Vodka is traditionally supposed to be colorless, odorless, tasteless; the priority has been placed on neutrality. But a few producers are rethinking what this spirit can be in ways that go beyond adding flavorings, according to an article in the Wall Street Journal.
The Poland-based Chopin brand, for instance, has a Single series, in which each of the four single-ingredient vodkas-potato, “young potato” (made with early-harvested potatoes), rye, wheat-is filtered just once. (Chopin’s standard vodkas are filtered four times.) The difference is startling: The potato vodkas are redolent of dark chocolate; the wheat is downright earthy.
Swedish producer Karlsson’s has released two limited-edition vodkas in its Batch series, each labeled with a vintage to showcase the character of a single potato harvest. Also filtered once, these vodkas are distinctly sweet, with a hearty mouth feel.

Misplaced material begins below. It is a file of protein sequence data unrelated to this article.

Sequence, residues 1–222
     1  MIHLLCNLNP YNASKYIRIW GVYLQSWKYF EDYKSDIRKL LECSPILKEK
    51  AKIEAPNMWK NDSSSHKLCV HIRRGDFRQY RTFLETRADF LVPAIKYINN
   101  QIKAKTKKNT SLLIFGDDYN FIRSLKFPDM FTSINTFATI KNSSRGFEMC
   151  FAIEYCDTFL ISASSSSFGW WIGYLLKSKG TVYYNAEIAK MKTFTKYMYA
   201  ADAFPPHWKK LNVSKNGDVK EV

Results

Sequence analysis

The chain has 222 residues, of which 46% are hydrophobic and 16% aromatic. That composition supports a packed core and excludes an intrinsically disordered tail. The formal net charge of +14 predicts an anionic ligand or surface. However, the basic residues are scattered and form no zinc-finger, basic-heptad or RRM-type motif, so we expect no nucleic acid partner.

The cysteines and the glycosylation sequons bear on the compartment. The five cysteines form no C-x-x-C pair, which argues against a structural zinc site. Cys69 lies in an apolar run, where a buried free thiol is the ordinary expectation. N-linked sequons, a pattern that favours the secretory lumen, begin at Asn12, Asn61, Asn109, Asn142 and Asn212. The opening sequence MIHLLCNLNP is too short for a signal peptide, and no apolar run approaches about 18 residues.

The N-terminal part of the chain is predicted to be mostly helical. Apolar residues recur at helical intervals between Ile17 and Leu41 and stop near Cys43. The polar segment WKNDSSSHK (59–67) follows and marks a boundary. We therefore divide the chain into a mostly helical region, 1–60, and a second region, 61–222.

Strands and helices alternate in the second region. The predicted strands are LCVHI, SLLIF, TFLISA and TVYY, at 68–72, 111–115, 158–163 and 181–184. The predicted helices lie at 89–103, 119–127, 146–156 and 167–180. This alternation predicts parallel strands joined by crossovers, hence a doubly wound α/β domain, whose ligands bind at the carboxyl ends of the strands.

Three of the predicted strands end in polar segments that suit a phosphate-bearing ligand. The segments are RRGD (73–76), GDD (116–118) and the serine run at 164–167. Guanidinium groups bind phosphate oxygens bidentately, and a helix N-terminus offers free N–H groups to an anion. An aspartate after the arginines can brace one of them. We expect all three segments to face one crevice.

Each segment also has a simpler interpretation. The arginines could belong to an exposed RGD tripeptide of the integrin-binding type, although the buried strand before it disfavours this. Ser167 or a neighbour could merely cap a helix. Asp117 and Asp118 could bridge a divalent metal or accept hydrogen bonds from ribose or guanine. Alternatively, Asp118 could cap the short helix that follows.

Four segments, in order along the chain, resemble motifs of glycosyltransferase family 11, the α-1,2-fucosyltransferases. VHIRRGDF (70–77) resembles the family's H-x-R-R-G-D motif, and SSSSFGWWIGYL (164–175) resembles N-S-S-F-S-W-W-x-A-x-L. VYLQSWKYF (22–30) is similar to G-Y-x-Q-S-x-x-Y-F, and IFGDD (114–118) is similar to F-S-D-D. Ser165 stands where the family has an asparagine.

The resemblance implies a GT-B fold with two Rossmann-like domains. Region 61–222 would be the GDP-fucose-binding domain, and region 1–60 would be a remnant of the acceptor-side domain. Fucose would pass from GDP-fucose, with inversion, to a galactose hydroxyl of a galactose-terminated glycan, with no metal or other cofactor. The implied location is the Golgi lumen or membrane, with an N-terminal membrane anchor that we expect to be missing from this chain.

Vodkas are also being produced from different ingredients. AO Vodka is a Japanese rice vodka with a fleeting, rounded sweetness, while Napa Vodka is made from sauvignon blanc grapes and has a fruity scent. Comb Vodka from New York’s Hudson Valley, is a honey-based spirit with lush apple tones, while Vermont White is distilled from milk sugar and has a rich, sweet taste.
“There’s been great evolution in beer and single-malt whiskeys,” said Christian Gylche, president of Karlsson’s. “The range of ingredients used, the geographic locations where they are made-now they are talked about.” And so it’s going with vodka.
Read the full article here.